Could I have played another year as a pro? I definitely feel like I still had more to give. I’ve never lost my competitive drive and I’ve always enjoyed going to training every day. I love the game. Especially the game day buzz. It’s a feeling that in my opinion – can never be replaced. But leaving Perth would have been challenging. And I’m no stranger to change, I have played all over the place. 

Having now lived in Perth the last seven years, I had plenty to consider outside of football. My family first, and a number of job opportunities – some to continue playing, some coaching, and a new career opportunity. Which made me question – do I really want to move again? Maybe, from a selfish point of view, I would have loved to have continued to play professionally, or stay involved in the A-League, but at the end of the day, what is the most important to me is spending time with my family.

They have sacrificed the most. Moving around so much during my career, my family, and especially my wife Christie, have made so many sacrifices. Christie has put her own life on hold, picked up the pieces, packed up the house, (numerous times) and our three boys, Marley, Hendrix and Ziggy have probably not had their dad around as much as we all would have liked. 

Now with the decision I have made to retire from professional football, to embark on a new career, outside of football, we can really enjoy the next phase of our life and the opportunity to spend more time with family and friends. I am particularly looking forward to more than one day off over the Christmas period with my family! This decision along with being able to continue to play football part time in the WA NPL will be a great way to finish off my career over the next decade(!).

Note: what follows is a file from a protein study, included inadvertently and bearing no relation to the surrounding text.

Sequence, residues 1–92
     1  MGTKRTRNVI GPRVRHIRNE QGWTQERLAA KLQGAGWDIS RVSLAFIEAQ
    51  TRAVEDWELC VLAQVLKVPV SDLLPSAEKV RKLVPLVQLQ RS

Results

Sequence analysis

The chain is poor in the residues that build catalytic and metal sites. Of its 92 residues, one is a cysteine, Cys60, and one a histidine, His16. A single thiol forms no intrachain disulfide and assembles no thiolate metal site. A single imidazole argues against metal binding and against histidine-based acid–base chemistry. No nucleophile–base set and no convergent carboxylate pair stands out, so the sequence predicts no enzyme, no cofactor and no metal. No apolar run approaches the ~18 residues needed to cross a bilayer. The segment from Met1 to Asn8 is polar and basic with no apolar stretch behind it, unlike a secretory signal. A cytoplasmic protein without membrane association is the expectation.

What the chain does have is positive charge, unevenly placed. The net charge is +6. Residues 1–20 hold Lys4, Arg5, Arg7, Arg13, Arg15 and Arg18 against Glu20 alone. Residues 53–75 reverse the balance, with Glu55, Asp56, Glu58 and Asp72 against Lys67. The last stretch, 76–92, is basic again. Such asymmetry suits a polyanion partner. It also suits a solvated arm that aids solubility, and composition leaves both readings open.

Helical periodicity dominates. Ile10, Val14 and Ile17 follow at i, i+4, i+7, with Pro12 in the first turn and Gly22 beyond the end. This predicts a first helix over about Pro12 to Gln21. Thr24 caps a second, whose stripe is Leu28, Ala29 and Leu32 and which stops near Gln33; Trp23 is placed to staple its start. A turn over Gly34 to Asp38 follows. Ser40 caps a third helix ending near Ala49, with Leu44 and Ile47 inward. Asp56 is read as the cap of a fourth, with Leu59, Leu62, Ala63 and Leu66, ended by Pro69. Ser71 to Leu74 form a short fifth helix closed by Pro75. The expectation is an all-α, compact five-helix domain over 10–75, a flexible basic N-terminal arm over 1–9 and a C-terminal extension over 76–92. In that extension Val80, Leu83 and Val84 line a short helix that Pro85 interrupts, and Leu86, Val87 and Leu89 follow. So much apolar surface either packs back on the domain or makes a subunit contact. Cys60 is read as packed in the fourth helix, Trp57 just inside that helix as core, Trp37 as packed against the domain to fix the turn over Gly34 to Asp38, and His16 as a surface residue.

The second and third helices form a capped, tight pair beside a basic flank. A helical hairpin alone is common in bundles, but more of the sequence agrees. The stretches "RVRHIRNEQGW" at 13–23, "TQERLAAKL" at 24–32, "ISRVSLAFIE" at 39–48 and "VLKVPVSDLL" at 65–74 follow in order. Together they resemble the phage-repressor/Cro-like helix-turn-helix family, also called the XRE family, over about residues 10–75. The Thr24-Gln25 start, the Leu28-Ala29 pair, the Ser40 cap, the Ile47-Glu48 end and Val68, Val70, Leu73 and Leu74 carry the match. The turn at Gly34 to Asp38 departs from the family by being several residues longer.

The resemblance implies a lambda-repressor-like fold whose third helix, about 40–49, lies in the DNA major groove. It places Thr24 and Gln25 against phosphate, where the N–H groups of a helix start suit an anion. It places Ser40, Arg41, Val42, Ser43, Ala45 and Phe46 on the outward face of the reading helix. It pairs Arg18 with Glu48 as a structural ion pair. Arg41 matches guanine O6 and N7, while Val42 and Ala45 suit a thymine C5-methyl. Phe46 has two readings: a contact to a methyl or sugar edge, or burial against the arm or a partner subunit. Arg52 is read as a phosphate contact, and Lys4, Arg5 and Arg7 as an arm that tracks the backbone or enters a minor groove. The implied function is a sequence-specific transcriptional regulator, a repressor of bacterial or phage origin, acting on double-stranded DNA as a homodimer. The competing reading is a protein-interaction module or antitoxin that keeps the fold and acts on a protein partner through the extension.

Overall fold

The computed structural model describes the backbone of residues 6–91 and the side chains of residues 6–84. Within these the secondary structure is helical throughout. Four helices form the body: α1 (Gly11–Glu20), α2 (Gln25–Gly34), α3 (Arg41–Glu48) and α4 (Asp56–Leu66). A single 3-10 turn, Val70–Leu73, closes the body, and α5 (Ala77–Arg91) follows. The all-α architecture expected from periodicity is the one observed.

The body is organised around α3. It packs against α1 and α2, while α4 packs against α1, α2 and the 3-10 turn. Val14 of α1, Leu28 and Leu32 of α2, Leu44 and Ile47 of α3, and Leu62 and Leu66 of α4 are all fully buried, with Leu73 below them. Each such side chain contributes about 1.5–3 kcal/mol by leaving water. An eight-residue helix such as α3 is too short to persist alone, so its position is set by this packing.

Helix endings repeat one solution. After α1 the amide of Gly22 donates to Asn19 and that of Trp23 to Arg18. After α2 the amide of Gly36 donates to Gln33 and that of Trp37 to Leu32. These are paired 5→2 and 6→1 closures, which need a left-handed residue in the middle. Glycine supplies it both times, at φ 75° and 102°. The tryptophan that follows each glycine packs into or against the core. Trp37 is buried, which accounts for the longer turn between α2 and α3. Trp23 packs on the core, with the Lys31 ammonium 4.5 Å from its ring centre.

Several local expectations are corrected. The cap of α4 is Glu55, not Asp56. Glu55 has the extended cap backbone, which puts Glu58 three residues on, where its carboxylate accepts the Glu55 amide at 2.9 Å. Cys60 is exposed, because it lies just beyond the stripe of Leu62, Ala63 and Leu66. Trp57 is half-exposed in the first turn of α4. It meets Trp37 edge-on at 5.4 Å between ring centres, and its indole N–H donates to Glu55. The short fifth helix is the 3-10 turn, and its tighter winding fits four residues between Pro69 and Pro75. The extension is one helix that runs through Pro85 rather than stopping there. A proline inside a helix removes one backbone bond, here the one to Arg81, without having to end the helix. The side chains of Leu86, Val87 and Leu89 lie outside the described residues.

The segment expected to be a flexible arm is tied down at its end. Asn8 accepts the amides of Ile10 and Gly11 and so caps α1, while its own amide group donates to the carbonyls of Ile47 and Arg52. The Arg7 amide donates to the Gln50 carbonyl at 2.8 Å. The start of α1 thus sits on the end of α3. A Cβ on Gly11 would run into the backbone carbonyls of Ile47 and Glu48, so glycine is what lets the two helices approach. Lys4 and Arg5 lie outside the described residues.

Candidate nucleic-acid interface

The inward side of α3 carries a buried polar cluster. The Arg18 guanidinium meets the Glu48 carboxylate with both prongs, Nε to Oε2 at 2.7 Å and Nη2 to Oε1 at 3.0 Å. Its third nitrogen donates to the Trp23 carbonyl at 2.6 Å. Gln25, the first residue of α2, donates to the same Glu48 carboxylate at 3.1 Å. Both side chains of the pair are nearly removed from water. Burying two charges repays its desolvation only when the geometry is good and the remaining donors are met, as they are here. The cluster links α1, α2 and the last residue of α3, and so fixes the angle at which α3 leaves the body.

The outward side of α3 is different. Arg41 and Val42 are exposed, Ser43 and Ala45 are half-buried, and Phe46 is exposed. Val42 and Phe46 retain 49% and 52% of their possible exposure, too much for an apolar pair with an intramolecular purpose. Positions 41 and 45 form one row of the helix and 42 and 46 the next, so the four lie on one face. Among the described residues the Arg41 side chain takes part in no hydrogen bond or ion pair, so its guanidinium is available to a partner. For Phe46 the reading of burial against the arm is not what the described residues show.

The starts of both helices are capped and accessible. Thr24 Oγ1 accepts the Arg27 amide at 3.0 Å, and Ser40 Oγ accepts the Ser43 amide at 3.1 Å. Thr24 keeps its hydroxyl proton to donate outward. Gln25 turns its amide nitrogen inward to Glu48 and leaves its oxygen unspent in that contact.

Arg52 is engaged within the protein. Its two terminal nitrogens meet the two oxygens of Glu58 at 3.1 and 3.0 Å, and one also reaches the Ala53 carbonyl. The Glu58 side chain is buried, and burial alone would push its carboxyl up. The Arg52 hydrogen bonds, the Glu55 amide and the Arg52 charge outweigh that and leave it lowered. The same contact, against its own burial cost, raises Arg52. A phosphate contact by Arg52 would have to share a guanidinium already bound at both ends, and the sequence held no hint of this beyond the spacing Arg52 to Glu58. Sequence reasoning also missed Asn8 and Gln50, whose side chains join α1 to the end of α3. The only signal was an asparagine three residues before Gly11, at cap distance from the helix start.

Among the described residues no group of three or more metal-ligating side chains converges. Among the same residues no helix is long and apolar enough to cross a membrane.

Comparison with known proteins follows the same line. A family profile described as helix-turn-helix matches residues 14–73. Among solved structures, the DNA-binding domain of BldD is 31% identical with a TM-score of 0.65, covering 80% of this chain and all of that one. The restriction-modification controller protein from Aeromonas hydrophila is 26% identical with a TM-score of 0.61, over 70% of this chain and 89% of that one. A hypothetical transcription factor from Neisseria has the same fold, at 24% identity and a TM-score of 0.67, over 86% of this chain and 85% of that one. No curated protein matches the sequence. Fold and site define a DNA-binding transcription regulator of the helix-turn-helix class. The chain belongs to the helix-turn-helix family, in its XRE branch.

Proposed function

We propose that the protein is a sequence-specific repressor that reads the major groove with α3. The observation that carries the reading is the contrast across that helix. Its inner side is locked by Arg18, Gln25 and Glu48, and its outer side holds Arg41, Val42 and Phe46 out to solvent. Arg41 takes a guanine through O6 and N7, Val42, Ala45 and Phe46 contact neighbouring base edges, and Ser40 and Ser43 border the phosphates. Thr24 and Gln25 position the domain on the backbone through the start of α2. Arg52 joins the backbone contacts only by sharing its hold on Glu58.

Alongside Christie, another constant in my career has definitely been the PFA. When I signed with Parramatta Power as a teenager,  Alex Tobin was the PFA representative at the club. He was an ex-Socceroos captain and he was really influential in helping players make important decisions around their careers. Through the guidance of Alex, I saw the benefits of being in the PFA and how they looked after players and always had our best interests at heart.

Later on Brad Maloney and Ante Milicic encouraged me to attend PFA meetings to understand where the NSL was heading at the time and then when the A-League had started, because it obviously was a very important time. As players we all wanted to know what was happening and where the competition could head, but also what the FFA, other players and the clubs were all thinking.

At the heart of our discussions was to always ensure that we could have stability in our lives and careers. Having been a part of the PFA for so long, I want to acknowledge and thank them for the role they have played in the longevity of my personal career and their continued support of me and my family. I hope I have also played my part in contributing to the game and the future of the young players through the PFA to have more certainty in their careers and futures too.

Finally, a big thank you to all the supporters, players, administrators, coaching staff, volunteers, media, sponsors and friends that have played a big part in my 24 year career. I have received countless messages and phone calls, regarding my career, job prospects and retirement which I am extremely grateful for.

I look forward to catching up with everyone and life after football. 

Cheers, Rocket